The documentary 'Dance Party: The Teenarama Story' examined the popularity of 1950s and 1960s teen dance television shows, including 'The Teenarama Dance Party,' 'American Bandstand,' 'The Buddy Dean Show,' and 'The Milt Grant Show.' 'The Teenarama Dance Party' was an all-black teen dance show produced and broadcasted in Washington, D.C. The show aired from March 7, 1963 to November 20, 1970 on WOOK-TV Channel 14, which was the nation's first Black TV station. The show was produced live six days a week; and hosted first by Bob King and later by a rotation of hosts. In addition to being a dance show, 'The Teenarama Dance Party' was a training ground for teens. Production staff mentored the teenagers in the art of broadcast production. The teens trained as camera operators, floor directors, and technical engineers; and served as production assistants.
Restrictions:
Use of the materials requires an appointment. Some items are not accessible due to obsolete format and playback machinery restrictions. Please contact the archivist to make an appointment: ACMarchives@si.edu.
Collection Rights:
Collection items available for reproduction, but the Archives makes no guarantees concerning copyright restrictions. Other intellectual property rights may apply. Archives cost-recovery and use fees may apply when requesting reproductions.
Topic:
African Americans  Search this
Dance  Search this
D.C. hand dance  Search this
Teenagers  Search this
Television programs  Search this
African Americans on television  Search this
Segregation  Search this
Genre/Form:
Sound recordings
Citation:
Teenarama: Interview with Gene Chandler, Anacostia Community Museum Archives, Smithsonian Institution.
Identifier:
ACMA.06-055, Item ACMA AV005292_A
See more items in:
Kendall Productions Records
Archival Repository:
Anacostia Community Museum Archives
GUID:
https://n2t.net/ark:/65665/qa79dd2f853-d8bd-4d42-b4ee-d55da2395278
EDAN-URL:
ead_component:sova-acma-06-055-ref716

Teenarama: Interview with Joe King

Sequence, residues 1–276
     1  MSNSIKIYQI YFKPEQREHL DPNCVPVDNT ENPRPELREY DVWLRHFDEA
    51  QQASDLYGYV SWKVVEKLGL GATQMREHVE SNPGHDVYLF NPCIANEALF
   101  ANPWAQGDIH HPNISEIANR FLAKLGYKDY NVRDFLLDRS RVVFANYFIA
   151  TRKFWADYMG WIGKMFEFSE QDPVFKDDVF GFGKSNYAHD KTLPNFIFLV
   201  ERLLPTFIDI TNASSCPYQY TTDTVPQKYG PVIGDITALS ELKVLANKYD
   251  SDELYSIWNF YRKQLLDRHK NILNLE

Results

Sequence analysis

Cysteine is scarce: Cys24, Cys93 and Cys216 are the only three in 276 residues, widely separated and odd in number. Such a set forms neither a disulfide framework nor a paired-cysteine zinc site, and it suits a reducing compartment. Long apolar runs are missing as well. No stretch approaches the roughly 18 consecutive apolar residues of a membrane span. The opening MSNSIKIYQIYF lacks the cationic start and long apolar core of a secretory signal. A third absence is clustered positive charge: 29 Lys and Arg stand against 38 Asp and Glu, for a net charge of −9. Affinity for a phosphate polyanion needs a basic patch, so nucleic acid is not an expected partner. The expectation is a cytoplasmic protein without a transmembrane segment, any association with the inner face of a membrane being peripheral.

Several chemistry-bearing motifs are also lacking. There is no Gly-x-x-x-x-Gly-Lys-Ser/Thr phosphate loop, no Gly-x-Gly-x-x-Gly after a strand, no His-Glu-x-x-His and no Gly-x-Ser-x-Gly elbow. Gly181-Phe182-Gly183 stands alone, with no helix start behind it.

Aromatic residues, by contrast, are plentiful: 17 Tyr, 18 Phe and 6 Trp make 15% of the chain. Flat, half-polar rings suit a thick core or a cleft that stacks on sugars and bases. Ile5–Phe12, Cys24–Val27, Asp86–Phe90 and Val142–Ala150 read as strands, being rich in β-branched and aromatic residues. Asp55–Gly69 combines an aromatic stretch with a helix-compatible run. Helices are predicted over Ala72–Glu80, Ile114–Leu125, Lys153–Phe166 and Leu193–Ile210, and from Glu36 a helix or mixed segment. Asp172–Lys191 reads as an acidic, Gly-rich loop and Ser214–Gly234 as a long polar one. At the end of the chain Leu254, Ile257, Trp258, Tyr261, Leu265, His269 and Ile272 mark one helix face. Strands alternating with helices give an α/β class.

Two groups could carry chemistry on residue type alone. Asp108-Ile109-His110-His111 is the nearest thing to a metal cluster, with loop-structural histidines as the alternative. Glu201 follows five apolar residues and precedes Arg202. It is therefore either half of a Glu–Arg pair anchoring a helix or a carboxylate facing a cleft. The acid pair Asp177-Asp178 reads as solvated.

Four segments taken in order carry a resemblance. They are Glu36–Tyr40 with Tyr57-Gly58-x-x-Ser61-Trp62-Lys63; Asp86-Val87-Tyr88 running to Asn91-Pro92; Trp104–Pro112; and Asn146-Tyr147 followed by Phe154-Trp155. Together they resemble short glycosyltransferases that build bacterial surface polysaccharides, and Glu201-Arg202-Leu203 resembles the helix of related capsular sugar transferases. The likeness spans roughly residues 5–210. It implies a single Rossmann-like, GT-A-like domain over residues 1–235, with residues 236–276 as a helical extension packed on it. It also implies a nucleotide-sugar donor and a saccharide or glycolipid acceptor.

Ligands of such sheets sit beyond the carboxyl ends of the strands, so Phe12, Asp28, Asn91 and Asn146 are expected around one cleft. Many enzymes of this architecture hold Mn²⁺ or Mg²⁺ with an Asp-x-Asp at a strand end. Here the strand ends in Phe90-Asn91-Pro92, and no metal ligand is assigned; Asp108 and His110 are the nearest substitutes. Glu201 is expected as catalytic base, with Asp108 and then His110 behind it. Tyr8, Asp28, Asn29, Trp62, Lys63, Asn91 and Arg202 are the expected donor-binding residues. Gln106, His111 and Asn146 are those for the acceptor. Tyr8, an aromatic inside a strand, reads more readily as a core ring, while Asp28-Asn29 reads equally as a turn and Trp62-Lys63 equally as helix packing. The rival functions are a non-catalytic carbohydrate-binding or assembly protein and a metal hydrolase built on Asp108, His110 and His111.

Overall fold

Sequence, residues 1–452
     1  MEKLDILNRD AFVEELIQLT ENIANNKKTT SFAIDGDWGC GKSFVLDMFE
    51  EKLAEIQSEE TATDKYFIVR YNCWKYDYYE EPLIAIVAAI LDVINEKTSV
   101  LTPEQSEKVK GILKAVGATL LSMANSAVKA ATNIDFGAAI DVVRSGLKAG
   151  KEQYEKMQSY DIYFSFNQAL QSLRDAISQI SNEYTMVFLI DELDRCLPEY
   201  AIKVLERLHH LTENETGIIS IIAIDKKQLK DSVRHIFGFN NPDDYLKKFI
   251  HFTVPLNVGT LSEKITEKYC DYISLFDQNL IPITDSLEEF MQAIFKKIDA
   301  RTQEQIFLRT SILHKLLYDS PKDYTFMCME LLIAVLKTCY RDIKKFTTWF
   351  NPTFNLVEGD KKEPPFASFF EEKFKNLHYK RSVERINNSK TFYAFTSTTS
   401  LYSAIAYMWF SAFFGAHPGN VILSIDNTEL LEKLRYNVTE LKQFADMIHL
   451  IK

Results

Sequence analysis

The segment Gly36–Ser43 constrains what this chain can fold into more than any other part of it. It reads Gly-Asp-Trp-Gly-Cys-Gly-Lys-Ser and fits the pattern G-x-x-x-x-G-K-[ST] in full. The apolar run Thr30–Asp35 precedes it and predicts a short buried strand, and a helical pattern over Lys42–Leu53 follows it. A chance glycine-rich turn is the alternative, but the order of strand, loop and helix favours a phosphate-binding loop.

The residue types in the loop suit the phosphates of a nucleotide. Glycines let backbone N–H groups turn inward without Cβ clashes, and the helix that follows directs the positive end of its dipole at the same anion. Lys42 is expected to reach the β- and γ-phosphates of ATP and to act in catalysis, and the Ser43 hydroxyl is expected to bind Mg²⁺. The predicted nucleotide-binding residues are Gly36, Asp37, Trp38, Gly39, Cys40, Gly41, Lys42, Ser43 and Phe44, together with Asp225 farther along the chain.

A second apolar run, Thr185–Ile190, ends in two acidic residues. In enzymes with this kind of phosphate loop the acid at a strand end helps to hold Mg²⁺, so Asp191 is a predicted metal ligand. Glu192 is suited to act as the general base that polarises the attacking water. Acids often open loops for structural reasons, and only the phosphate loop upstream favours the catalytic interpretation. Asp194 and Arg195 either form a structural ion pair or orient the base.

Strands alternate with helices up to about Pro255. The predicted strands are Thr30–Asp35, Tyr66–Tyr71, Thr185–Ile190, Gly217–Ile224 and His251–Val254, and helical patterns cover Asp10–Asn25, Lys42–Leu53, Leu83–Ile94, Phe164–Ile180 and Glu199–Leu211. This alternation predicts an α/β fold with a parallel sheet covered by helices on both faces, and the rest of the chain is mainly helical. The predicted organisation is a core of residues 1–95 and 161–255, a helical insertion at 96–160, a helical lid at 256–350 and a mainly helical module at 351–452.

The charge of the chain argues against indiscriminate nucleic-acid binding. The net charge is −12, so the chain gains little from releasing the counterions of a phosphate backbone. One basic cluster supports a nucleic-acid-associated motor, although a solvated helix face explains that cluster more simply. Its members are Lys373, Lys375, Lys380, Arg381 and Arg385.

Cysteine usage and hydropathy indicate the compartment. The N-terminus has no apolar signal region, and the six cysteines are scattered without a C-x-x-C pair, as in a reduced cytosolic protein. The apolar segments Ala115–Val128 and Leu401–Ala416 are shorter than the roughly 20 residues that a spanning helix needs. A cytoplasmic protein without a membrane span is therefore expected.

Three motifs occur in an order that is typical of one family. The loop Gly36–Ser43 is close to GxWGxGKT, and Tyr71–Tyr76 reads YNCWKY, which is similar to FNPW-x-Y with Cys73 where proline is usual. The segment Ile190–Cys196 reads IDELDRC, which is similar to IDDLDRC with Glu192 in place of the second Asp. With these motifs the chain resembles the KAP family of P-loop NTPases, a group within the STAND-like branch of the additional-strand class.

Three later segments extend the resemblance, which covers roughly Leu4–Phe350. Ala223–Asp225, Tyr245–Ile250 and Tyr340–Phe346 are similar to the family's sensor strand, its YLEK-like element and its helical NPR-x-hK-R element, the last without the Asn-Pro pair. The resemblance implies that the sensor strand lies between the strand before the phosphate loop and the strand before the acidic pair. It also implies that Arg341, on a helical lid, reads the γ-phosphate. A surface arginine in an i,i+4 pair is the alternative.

Creator:
Anacostia Museum and Center for African American History and Culture  Search this
Names:
Anacostia Community Museum  Search this
Anacostia Neighborhood Museum  Search this
Collection Creator:
Kendall Productions  Search this
Extent:
1 Sound recording (audio cassette)
Type:
Archival materials
Sound recordings
Place:
Anacostia (Washington, D.C.)
Washington (D.C.)
United States
Date:
1998
Scope and Contents:
During an interview with Beverly Lindsay-Johnson, Joe King, born and raised in southeast Washington, D.C., talked about his experiences growing up in a working class, ethnically mixed neighborhood in southeast Washington, D.C. where 'there was no complete segregation.' King explained when and how he learned to dance, specifically hand dancing; his experience attending ethnically mixed parties hosted by blacks and whites; and the differences in the way people danced based on where they lived. He also spoke of his experience dancing on the Milt Grant Show; his thoughts about The Teenarama Dance Party as a viewer at home; and dance competitions. The interview was part of the research for the documentary 'Dance Party: The Teenarama Story.'
Interviews. Poor audio quality. Part of the Teenarama Collection. Dated 19980618.
Biographical / Historical:
The documentary 'Dance Party: The Teenarama Story' examined the popularity of 1950s and 1960s teen dance television shows, including 'The Teenarama Dance Party,' 'American Bandstand,' 'The Buddy Dean Show,' and 'The Milt Grant Show.' 'The Teenarama Dance Party' was an all-black teen dance show produced and broadcasted in Washington, D.C. The show aired from March 7, 1963 to November 20, 1970 on WOOK-TV Channel 14, which was the nation's first Black TV station. The show was produced live six days a week; and hosted first by Bob King and later by a rotation of hosts. In addition to being a dance show, 'The Teenarama Dance Party' was a training ground for teens. Production staff mentored the teenagers in the art of broadcast production. The teens trained as camera operators, floor directors, and technical engineers; and served as production assistants.
Local Numbers:
ACMA AV005295_B
Restrictions:
Use of the materials requires an appointment. Some items are not accessible due to obsolete format and playback machinery restrictions. Please contact the archivist to make an appointment: ACMarchives@si.edu.
Collection Rights:
Collection items available for reproduction, but the Archives makes no guarantees concerning copyright restrictions. Other intellectual property rights may apply. Archives cost-recovery and use fees may apply when requesting reproductions.
Topic:
African Americans  Search this
Dance  Search this
D.C. hand dance  Search this
Teenagers  Search this
Television programs  Search this
African Americans on television  Search this
Segregation  Search this
Genre/Form:
Sound recordings
Citation:
Teenarama: Interview with Joe King, Anacostia Community Museum Archives, Smithsonian Institution.
Identifier:
ACMA.06-055, Item ACMA AV005295_A
See more items in:
Kendall Productions Records
Archival Repository:
Anacostia Community Museum Archives
GUID:
https://n2t.net/ark:/65665/qa7e9c801a4-bb2c-4412-bddc-ed63b2a9bc22
EDAN-URL:
ead_component:sova-acma-06-055-ref717

Modify Your Search







or


Narrow By